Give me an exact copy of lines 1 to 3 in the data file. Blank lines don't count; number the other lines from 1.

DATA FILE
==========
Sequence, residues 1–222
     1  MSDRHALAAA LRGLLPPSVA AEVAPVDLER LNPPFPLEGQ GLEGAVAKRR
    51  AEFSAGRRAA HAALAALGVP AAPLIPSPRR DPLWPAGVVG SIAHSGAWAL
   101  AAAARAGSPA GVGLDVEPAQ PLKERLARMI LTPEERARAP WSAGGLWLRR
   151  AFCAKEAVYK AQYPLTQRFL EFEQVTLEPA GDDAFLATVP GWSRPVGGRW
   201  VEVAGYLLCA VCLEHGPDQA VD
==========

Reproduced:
Sequence, residues 1–222
     1  MSDRHALAAA LRGLLPPSVA AEVAPVDLER LNPPFPLEGQ GLEGAVAKRR
    51  AEFSAGRRAA HAALAALGVP AAPLIPSPRR DPLWPAGVVG SIAHSGAWAL